Searchable abstracts of presentations at key conferences on calcified tissues
Bone Abstracts (2013) 2 P121 | DOI: 10.1530/boneabs.2.P121

ICCBH2013 Poster Presentations (1) (201 abstracts)

Tibial metaphyseal shape varies between children according to history of fracture

Paul Arundel 1, , Thomas Hangartner 3 , David Short 3 , Ben Holden 2 & Nick Bishop 1,


1Sheffield Children’s Hospital, Sheffield, UK; 2Department of Human Metabolism, University of Sheffield, Sheffield, UK; 3Department of Biomedical, Industrial and Human Factors Engineering, Wright State University, Dayton, Ohio, USA.

Background: Measurement and interpretation of metaphyseal shape in children is difficult. We aim to develop relevant assessment methods using commonly available spiral computed tomography (CT) scanning.

Methods: We analysed 12 pairs of age and pubertal stage matched subjects from a larger group of children recruited into a non-interventional case–control study in which all had suffered trauma; half had sustained a fracture. Each subject underwent anthropometry, pubertal stage self-assessment, LS DXA and spiral CT of the whole of both tibiae. Total area and volumetric trabecular bone density (TBD) were extracted from each 1.25 mm CT slice between the growth plates. Eight nested cylinders were defined within the metaphyseal volume. Metaphyseal extent was defined as being between the growth plate and where TBD reaches 0 in the central 1/8 area. Equal-length datasets were created to allow data comparison. We assessed metaphyseal extent, absolute metaphyseal area at 50% metaphyseal length (50% area) and change in area across the 40–60% metaphyseal length (40–60 Δarea) in relation to tibial length, tibial width at narrowest point and aspect ratio (length:width).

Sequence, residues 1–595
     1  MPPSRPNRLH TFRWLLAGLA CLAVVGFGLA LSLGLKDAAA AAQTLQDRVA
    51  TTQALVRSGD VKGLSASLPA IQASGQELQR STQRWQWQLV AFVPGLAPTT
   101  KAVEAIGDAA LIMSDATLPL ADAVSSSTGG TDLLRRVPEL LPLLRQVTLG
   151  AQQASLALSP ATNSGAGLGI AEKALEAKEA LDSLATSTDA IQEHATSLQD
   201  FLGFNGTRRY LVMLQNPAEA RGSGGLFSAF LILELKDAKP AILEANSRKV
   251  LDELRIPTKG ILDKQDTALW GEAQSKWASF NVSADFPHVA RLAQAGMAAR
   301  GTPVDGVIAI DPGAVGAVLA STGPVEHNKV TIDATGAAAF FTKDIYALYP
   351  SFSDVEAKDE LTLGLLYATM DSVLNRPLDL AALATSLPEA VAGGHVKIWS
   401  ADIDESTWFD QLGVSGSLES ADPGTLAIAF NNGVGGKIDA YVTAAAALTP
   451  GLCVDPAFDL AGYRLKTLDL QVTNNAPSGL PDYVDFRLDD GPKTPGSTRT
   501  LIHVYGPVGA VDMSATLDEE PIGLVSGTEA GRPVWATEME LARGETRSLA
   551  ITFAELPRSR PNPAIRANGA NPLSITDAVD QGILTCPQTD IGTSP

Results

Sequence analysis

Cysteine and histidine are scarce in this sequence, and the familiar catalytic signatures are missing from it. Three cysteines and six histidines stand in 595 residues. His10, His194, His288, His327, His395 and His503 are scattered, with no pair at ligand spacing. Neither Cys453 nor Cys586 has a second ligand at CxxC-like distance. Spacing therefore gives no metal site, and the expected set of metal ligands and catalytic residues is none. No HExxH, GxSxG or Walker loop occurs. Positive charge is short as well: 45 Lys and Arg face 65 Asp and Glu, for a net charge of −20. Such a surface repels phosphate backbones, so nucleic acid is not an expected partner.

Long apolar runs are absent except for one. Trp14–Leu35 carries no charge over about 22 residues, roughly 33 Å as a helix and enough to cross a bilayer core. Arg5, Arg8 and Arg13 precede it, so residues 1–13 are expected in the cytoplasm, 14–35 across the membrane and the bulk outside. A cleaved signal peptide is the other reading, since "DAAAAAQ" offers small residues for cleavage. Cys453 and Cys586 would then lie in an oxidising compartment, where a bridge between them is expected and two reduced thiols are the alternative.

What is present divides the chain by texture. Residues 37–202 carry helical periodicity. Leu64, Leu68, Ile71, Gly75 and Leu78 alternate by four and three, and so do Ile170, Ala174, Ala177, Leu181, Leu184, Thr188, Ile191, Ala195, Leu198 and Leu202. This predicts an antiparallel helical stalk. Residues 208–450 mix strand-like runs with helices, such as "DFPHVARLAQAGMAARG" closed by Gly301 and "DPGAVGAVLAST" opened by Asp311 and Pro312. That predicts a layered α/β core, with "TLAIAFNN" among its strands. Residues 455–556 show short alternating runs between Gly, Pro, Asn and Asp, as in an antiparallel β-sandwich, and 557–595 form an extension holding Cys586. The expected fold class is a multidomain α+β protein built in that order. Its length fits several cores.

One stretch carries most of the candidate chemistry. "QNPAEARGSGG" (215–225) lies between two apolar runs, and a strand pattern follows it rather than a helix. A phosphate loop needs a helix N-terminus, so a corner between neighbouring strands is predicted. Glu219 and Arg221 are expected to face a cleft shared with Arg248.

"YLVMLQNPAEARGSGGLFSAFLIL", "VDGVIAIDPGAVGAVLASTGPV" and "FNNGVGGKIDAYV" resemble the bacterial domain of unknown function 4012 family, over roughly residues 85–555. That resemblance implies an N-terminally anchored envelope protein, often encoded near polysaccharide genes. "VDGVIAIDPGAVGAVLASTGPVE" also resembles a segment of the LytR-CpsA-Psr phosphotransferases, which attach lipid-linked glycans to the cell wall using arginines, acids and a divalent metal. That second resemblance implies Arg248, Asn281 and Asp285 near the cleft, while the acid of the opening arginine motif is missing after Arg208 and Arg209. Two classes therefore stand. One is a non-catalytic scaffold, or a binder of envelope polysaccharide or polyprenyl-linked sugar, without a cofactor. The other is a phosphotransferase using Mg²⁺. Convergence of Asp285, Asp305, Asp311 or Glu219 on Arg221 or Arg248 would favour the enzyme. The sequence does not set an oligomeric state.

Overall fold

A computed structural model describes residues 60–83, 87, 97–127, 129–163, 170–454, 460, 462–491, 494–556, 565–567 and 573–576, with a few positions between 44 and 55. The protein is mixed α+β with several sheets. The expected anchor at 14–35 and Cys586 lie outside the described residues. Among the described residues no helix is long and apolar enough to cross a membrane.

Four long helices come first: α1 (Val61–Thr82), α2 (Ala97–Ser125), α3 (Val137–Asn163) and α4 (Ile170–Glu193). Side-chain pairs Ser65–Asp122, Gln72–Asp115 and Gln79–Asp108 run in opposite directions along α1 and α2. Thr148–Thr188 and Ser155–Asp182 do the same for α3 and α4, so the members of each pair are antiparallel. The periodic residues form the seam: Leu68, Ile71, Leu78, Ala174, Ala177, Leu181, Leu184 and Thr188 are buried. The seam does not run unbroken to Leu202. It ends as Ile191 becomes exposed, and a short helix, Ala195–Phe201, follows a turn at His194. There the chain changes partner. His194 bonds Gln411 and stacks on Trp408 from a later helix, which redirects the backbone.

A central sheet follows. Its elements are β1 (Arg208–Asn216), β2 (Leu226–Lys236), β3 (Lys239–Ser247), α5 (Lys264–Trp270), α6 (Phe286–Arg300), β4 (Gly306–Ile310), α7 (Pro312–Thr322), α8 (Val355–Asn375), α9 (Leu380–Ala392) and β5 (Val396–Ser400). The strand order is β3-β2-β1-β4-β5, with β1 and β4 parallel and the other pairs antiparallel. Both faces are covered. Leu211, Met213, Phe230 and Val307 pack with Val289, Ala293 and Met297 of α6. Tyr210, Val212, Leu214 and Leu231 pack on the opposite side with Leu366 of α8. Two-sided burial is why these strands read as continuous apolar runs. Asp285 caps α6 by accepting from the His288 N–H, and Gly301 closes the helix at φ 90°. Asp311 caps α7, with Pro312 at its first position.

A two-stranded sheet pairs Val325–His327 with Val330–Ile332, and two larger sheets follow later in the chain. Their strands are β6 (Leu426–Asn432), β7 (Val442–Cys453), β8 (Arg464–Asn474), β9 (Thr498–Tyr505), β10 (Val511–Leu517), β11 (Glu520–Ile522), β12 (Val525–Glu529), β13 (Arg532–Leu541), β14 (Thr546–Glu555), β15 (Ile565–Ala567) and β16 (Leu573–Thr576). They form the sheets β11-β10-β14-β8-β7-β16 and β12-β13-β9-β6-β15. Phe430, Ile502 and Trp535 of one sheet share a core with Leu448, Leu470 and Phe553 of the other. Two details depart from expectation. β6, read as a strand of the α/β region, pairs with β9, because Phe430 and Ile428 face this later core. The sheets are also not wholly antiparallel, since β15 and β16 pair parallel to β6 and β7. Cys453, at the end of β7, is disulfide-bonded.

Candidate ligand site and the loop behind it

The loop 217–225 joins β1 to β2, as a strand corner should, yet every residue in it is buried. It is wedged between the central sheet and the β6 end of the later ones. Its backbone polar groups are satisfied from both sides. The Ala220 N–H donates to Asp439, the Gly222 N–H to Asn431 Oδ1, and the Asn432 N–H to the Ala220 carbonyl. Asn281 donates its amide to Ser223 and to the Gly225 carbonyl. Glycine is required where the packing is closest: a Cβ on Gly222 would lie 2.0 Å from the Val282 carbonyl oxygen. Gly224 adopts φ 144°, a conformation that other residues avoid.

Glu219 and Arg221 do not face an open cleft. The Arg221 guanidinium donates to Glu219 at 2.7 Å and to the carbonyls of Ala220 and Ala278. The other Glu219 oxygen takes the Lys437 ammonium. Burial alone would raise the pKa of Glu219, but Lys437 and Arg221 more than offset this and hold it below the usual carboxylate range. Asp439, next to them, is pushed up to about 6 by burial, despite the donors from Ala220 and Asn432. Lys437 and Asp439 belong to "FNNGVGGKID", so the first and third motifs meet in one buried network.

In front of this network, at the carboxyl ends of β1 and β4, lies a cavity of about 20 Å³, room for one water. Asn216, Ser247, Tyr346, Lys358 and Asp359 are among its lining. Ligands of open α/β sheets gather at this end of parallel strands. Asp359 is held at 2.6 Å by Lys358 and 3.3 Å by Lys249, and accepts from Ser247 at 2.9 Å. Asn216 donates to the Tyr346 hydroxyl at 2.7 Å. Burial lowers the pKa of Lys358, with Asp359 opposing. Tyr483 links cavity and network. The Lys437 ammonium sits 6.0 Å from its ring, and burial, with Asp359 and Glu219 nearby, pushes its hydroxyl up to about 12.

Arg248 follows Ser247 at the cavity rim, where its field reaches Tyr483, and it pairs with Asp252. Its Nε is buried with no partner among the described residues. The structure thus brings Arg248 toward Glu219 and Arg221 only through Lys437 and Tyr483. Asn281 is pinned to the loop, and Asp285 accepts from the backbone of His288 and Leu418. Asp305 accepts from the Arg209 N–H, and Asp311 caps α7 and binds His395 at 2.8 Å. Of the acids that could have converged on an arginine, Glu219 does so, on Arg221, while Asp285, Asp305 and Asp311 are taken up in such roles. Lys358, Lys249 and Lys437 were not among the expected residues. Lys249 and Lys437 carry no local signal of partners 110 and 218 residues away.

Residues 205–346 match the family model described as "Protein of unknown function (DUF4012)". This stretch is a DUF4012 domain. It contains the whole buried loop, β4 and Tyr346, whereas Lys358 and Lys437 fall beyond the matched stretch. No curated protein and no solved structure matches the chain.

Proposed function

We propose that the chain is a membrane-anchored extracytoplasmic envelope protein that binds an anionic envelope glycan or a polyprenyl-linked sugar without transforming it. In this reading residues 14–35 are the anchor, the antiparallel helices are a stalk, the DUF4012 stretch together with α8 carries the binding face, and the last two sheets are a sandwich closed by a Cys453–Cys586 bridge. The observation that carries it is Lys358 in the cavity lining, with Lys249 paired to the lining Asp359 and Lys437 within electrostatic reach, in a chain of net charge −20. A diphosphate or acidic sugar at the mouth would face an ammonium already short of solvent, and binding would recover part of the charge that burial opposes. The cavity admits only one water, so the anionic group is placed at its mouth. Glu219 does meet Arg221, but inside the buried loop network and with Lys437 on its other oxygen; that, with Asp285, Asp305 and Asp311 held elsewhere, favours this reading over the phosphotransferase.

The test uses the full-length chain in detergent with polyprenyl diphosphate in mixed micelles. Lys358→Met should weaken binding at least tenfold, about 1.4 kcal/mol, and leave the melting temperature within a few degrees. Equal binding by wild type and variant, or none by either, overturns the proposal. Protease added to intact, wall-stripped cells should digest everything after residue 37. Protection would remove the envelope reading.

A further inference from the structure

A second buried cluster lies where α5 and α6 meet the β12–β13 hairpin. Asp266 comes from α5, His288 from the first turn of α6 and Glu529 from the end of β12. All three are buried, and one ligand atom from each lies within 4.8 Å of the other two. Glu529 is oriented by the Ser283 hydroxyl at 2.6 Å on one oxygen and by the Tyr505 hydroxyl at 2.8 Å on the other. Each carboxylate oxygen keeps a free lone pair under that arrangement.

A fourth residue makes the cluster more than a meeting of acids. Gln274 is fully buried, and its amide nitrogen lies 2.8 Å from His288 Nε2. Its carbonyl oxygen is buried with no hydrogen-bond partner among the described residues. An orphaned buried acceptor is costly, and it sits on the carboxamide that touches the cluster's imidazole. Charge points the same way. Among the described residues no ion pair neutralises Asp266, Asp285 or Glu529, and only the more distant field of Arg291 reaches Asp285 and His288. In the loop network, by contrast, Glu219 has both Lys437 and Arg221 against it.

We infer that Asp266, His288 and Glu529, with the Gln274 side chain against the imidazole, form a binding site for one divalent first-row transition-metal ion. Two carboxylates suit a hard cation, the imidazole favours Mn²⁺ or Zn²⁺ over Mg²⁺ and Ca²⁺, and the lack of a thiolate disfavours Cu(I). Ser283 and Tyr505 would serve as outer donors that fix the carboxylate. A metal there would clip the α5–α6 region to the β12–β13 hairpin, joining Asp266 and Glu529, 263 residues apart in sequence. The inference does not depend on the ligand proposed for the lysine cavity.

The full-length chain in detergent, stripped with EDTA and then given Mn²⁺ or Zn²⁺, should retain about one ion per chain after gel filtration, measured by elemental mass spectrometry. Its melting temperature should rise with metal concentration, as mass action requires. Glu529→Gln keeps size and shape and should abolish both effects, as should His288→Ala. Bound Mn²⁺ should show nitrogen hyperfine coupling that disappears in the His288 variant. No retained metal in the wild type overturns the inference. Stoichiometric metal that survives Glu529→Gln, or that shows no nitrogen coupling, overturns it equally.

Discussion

Results: Subjects were aged 5–13 years. Girls: 4/12 controls and 3/12 fractures. Mean tibia length was 29.2±5.1 cm. There was no significant difference in height or tibial length between fractures and controls. Aspect ratio varied from 13 to 19 (median 16).

The proximal metaphysis varied from 11 to 25% tibial length (median 15%); distal metaphysis from 8 to 20% (median 13%). There were no significant differences between fracture and control groups for these parameters or for the ratio of 50% area to shaft width. 40–60 Δarea correlated with age, height, tibial length and height Z-score. 40–60 Δarea of the proximal metaphysis was greater in controls compared to fractures (P=0.02). This was not the case for the distal metaphysis. There was no correlation of aspect ratio or metaphyseal data with LS DXA values.

Conclusion: We have described a method for determining the size and variability of the shape of the tibia and its metaphyses. The combination of observed differences suggests less in-waisting of the proximal metaphysis in children with a history of fracture.

Volume 2

6th International Conference on Children's Bone Health

Rotterdam, The Netherlands
22 Jun 2013 - 25 Jun 2013


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